(i) If the IDAP Borrower is located in a Primary County, to restore or replace the IDAP Borrower's real or business personal property to its condition before the Declared Disaster occurred and/or for working capital necessary to carry the IDAP Borrower until resumption of normal operations and for expenditures necessary to alleviate the specific economic injury, but not to exceed that which the IDAP Borrower could have provided had the injury not occurred; or

(ii) If the IDAP Borrower is located in a Contiguous County, for working capital necessary to carry the IDAP Borrower until resumption of normal operations and for expenditures necessary to alleviate the specific economic injury, but not to exceed that which the IDAP Borrower could have provided had the injury not occurred.

(2) For an SBA Administrative Disaster Declaration, if the IDAP Borrower is located in either a Primary County or a Contiguous County, to restore or replace the IDAP Borrower's real or business personal property to its condition before the Declared Disaster occurred and/or for working capital necessary to carry the IDAP Borrower until resumption of normal operations and for expenditures necessary to alleviate the specific economic injury, but not to exceed that which the IDAP Borrower could have provided had the injury not occurred.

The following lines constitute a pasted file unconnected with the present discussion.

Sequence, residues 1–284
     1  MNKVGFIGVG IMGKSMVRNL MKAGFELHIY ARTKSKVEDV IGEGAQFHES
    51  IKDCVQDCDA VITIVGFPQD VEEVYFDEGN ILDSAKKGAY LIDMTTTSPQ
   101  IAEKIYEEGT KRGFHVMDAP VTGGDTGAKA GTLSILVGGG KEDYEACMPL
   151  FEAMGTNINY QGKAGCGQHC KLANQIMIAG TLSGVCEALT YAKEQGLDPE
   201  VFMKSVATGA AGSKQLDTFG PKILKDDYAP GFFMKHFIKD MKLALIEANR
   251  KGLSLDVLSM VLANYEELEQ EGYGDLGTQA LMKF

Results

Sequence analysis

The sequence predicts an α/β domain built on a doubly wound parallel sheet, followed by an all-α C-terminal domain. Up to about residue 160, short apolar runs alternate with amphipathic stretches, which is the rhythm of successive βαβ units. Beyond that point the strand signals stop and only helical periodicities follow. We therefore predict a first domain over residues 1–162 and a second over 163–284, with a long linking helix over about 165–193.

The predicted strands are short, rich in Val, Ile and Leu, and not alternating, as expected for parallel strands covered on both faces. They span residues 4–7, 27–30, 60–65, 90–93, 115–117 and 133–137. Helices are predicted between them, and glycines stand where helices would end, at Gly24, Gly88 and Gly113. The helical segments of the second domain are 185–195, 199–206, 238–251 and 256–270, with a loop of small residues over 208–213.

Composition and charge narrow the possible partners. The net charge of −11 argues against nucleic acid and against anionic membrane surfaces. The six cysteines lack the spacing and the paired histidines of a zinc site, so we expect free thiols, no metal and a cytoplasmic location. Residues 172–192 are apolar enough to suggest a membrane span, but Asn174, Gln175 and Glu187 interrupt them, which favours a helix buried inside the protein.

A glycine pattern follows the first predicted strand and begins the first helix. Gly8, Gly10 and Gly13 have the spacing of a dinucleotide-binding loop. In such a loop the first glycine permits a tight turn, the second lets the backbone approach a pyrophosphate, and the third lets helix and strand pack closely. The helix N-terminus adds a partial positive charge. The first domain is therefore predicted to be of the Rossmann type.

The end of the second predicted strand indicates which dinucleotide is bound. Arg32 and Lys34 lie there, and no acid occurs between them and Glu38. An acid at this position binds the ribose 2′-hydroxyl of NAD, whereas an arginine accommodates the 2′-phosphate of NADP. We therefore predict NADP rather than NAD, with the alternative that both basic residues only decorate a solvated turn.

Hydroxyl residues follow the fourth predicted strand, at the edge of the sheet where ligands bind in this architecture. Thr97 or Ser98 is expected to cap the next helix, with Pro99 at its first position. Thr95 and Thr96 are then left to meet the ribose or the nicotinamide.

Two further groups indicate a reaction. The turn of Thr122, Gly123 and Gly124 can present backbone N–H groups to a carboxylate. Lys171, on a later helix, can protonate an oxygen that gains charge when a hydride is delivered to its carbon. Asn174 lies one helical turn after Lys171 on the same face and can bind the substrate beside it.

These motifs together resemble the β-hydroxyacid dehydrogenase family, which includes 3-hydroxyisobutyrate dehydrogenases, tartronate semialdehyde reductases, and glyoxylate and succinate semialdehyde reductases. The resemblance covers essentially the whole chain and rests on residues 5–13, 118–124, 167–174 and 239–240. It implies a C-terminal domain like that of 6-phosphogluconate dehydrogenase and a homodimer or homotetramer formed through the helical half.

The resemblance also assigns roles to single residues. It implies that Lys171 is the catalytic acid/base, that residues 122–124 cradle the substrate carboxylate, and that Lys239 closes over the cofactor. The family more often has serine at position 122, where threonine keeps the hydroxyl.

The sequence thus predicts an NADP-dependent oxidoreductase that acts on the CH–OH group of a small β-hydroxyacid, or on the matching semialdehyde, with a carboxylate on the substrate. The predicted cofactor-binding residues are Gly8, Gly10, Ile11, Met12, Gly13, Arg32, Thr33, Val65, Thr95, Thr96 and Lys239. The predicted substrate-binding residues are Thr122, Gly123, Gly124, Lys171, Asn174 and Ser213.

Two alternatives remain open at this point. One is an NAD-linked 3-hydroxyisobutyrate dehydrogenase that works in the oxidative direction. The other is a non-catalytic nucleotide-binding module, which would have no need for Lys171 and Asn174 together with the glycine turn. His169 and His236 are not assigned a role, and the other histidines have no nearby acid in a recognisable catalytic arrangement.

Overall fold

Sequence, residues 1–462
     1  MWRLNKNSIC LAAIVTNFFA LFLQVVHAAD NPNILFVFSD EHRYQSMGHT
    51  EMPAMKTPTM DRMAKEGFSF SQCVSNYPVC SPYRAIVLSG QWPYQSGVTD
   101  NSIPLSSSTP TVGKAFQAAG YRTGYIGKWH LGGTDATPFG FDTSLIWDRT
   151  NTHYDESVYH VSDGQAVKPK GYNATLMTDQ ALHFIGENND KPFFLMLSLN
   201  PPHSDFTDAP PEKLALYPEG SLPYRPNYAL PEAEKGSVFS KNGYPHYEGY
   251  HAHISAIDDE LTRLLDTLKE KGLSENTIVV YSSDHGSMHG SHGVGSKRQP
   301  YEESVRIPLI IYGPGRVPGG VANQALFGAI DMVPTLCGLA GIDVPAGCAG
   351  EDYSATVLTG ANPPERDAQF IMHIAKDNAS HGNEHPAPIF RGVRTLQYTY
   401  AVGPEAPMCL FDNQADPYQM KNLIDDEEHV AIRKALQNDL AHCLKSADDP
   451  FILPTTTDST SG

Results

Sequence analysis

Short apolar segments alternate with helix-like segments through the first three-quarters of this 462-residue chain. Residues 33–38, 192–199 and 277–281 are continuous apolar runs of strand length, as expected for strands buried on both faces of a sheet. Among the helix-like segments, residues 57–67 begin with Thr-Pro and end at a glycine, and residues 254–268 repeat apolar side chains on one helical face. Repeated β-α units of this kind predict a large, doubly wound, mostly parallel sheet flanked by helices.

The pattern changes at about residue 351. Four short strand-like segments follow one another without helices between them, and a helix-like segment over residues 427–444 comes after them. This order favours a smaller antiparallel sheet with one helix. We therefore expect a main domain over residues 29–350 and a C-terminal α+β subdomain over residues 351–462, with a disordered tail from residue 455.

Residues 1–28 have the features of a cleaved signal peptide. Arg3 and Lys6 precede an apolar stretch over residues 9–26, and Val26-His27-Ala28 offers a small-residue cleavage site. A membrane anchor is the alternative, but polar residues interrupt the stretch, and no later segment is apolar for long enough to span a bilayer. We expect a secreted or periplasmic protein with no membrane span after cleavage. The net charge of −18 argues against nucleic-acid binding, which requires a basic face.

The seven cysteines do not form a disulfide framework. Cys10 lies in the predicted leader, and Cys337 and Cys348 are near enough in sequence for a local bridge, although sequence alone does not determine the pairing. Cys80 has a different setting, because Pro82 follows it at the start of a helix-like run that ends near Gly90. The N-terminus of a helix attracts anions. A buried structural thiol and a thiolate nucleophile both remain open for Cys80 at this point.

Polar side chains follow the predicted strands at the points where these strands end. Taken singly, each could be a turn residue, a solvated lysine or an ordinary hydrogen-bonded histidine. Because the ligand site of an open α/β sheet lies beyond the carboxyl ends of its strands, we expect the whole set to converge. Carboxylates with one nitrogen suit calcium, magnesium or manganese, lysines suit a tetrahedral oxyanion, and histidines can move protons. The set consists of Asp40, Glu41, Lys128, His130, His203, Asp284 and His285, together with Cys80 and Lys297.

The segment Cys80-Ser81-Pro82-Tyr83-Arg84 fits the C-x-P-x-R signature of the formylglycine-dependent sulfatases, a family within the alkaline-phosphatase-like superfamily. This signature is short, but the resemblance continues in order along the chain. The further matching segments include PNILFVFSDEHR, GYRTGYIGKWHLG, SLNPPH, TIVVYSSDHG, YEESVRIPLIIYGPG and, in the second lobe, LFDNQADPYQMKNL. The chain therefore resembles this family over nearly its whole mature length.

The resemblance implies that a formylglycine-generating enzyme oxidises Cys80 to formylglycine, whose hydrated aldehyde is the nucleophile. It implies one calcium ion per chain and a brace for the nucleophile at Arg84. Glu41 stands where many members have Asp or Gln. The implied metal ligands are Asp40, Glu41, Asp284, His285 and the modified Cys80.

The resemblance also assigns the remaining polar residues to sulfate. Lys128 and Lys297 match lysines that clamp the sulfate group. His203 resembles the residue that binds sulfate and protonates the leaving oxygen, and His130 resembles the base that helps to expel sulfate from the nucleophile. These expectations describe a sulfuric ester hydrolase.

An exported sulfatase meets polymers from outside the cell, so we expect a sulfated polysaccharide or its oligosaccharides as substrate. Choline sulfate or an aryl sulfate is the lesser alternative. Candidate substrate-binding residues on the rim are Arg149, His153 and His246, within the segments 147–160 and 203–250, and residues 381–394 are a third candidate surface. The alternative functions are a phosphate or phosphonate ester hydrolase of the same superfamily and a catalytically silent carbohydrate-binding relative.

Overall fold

(3) For an SBA EIDL-Only Disaster Declaration, if the IDAP Borrower is located in either a Primary County or a Contiguous County, for working capital necessary to carry the IDAP Borrower until resumption of normal operations and for expenditures necessary to alleviate the specific economic injury, but not to exceed that which the IDAP Borrower could have provided had the injury not occurred.

(b) IDAP loan proceeds may not be used to:

(1) Refinance or repay indebtedness incurred prior to the Declared Disaster (other than regularly due installments);

(2) Make payments on loans owned by another federal agency (including SBA) or a Small Business Investment Company licensed under the Small Business Investment Act;

(3) Pay, directly or indirectly, any obligations resulting from a federal, state or local tax penalty as a result of negligence or fraud, or any non-tax criminal fine, civil fine, or penalty for non-compliance with a law, regulation, or order of a federal, state, regional, or local agency or similar matter;

(4) Pay dividends, bonuses or other disbursements to owners, partners, officers or stockholders, except for reasonable remuneration directly related to their performance of services for the business;